At that point, the whole issue of free contract becomes unbound. At that point, their property rights become superfluous. At that point, nothing is sacred. It means, in no uncertain terms, that everything is up for grabs. Everything. Most especially the property of the wealthy.

There's a reason the constitution says that the federal government must pay it's debts. That would include the debts the federal government owes the Social Security Trust Fund.

In hindsight, it appears obvious that the once prudent Republican party, which once believed in balanced budgets, through the Bush administration, ran up the budget deficit in give a ways to the wealthy, for the sole purpose of undermining the federal governments ability to pay back to the trust fund what is owed to it.

In hindsight, the 2000 election, the outcome going to the candidate with a lessor number of votes (a half million, no less) looks every day, more and more like a coup. The Brooks Brother's riots, a coup du plutocracy.

Lets be sure of one thing here. These people and pundits and confederates are patently immoral and pathological. What they are proposing is the destruction of American society and America itself, for a few measly baubles that they have no rights to attain.

These people should be locked up in assylums, not writing opinion pieces, let alone running the government.

One last thing: Over the weekend, Maureen Dowd denigrated democrats as lefties, for attacking the Obama administration. But look here... it says a lot about the compromised position of the Obama administration when a minority Republican Party feels it can take a run at Social Security... in the run up to mid-term elections no less. There isn't one Democrat resting easy that Obama is the head of nation and the Democratic party tonight. This belies the confidence of the republicans.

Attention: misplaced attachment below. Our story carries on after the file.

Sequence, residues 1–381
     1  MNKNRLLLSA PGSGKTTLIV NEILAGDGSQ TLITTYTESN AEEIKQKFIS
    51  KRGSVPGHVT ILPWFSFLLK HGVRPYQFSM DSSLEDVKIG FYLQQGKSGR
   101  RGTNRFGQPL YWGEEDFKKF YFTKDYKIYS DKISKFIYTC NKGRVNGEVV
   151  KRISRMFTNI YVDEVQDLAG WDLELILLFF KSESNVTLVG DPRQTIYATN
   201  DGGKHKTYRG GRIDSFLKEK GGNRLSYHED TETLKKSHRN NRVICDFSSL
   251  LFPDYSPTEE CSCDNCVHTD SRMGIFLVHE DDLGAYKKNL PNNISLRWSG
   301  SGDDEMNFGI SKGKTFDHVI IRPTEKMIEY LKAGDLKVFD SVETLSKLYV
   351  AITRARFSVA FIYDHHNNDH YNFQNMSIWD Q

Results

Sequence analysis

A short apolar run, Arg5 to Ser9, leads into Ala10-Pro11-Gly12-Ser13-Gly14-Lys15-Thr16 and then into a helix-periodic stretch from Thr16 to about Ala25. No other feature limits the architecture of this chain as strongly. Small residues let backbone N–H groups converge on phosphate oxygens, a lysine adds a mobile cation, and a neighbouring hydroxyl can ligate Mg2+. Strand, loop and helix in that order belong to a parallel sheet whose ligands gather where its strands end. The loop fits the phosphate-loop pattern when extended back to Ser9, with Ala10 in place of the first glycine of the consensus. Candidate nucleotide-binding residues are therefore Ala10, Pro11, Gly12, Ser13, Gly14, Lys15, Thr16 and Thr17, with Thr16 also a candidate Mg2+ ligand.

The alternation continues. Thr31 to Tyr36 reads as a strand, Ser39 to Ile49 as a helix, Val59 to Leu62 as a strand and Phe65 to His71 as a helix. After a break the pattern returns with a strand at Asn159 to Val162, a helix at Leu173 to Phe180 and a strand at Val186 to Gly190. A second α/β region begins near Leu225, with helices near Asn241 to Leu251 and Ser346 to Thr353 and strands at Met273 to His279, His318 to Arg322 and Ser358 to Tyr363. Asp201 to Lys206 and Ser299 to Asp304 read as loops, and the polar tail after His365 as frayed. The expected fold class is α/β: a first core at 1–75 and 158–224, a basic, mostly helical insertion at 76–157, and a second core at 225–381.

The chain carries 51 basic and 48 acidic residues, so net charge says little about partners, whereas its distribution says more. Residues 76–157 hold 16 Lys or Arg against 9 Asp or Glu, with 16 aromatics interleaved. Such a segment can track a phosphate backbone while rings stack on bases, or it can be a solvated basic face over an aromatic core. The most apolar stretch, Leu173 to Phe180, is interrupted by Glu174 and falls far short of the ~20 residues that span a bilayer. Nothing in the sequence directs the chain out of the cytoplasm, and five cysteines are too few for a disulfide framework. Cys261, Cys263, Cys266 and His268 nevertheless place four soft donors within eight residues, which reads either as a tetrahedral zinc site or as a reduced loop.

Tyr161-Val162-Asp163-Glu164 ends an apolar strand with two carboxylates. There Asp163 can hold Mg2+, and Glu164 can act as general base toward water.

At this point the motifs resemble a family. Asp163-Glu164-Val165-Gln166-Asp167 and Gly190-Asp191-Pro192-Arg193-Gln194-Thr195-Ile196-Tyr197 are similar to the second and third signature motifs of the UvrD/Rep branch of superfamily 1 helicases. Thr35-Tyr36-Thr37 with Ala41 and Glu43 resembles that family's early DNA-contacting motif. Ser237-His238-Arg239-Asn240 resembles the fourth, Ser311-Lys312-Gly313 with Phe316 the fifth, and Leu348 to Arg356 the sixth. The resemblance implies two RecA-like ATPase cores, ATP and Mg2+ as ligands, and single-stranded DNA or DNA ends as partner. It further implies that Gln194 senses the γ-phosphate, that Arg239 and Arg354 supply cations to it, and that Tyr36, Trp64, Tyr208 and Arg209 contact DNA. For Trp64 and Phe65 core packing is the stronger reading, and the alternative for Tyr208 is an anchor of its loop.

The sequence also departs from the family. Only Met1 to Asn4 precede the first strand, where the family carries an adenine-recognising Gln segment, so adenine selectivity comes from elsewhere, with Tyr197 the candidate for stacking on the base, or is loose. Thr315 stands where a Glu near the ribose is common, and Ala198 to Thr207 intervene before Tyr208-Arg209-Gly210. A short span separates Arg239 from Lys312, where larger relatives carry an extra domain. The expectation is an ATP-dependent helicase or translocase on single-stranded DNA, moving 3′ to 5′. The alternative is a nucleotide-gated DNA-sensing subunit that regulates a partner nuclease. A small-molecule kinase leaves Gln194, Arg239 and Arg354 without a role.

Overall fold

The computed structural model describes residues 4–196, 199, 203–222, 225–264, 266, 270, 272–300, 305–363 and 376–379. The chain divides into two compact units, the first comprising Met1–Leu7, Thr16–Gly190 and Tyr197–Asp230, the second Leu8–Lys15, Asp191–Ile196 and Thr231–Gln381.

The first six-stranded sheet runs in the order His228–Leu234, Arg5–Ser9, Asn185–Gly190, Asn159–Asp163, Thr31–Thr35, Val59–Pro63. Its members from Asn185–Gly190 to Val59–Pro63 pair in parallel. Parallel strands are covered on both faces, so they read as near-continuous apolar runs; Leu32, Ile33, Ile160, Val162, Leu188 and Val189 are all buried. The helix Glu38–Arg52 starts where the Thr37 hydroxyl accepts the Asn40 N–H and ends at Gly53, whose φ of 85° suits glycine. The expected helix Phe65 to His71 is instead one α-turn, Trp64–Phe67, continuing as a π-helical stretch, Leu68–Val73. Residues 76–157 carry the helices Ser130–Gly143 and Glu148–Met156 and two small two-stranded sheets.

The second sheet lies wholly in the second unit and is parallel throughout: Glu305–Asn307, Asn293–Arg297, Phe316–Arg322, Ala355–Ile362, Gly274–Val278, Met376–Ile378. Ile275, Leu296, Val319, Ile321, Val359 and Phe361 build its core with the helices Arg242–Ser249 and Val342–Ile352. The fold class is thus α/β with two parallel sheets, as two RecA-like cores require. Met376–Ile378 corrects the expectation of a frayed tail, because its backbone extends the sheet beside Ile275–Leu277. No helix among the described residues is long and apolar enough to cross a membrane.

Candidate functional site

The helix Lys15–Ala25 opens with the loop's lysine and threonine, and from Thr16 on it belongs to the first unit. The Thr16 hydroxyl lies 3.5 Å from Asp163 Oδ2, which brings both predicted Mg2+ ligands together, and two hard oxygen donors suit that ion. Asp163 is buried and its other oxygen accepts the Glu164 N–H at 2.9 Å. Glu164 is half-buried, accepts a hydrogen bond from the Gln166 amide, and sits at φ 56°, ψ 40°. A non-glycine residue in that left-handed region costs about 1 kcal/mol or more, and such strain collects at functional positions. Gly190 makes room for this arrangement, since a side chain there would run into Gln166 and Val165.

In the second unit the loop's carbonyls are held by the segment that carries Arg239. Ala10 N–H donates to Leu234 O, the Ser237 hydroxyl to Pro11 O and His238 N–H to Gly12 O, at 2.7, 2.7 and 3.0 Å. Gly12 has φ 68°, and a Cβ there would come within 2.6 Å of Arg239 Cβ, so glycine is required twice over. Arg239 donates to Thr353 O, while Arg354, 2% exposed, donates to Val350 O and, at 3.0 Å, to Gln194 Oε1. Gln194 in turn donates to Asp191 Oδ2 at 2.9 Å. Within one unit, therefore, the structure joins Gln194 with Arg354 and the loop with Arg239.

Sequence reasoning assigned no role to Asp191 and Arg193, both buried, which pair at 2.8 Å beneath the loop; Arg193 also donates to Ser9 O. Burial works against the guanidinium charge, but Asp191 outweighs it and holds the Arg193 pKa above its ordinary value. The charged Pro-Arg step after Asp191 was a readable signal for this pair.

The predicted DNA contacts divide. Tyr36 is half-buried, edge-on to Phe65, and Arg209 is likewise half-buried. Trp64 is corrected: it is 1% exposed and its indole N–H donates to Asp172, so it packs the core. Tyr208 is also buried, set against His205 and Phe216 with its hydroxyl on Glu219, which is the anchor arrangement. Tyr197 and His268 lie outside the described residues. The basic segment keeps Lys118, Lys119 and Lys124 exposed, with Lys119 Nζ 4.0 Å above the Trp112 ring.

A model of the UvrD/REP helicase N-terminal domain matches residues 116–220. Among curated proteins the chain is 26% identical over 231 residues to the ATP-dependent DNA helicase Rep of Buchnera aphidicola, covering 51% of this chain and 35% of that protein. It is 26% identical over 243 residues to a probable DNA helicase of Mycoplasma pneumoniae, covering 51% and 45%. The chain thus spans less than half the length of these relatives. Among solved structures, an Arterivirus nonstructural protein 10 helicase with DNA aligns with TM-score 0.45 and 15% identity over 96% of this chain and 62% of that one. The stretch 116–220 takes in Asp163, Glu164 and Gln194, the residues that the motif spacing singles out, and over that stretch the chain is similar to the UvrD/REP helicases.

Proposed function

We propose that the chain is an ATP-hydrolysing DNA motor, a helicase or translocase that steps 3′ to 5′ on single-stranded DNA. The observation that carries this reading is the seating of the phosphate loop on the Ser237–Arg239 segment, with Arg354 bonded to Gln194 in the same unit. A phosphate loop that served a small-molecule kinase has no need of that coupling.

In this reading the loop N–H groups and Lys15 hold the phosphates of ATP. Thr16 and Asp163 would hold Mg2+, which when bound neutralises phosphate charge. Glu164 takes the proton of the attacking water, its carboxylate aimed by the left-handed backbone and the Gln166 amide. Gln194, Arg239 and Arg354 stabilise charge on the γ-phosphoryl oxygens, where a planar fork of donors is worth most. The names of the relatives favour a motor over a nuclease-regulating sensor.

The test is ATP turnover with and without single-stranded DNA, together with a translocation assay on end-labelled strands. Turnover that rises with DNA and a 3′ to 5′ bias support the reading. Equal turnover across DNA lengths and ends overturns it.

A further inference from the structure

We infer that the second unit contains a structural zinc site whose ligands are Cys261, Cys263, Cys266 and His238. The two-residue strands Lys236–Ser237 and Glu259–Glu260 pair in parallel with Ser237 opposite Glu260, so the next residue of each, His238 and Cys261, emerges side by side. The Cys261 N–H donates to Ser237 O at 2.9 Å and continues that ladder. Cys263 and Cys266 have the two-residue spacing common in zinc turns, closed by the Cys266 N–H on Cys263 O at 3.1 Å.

Obama might consider running under the Republican ticket in 2012. At least a third of all Democrats will be voting third party in 2012 - with Democrats like Obama, what difference does it make if a Republican becomes president. If we want to protect Social Security, it would be better to place our bets with a Green Party candidate or someone else who is far out of the reach of Big Money.

Cdr. John Newlin, Vista, Calif. said...

Heads up, Congressman and learn about the top 5 Social Security Myths
Myth #1: Social Security is going broke.

Reality: There is no Social Security crisis. By 2023, Social Security will have a $4.6 trillion surplus (yes, trillion with a 'T'). It can pay out all scheduled benefits for the next quarter-century with no changes whatsoever.1 After 2037, it'll still be able to pay out 75% of scheduled benefits—and again, that's without any changes. The program started preparing for the Baby Boomers' retirement decades ago.2 Anyone who insists Social Security is broke probably wants to break it themselves.

Myth #2: We have to raise the retirement age because people are living longer.

Reality: This is a red-herring to trick you into agreeing to benefit cuts. Retirees are living about the same amount of time as they were in the 1930s. The reason average life expectancy is higher is mostly because many fewer people die as children than they did 70 years ago.3 What's more, what gains there have been are distributed very unevenly—since 1972, life expectancy increased by 6.5 years for workers in the top half of the income brackets, but by less than 2 years for those in the bottom half.4 But those intent on cutting Social Security love this argument because raising the retirement age is the same as an across-the-board benefit cut.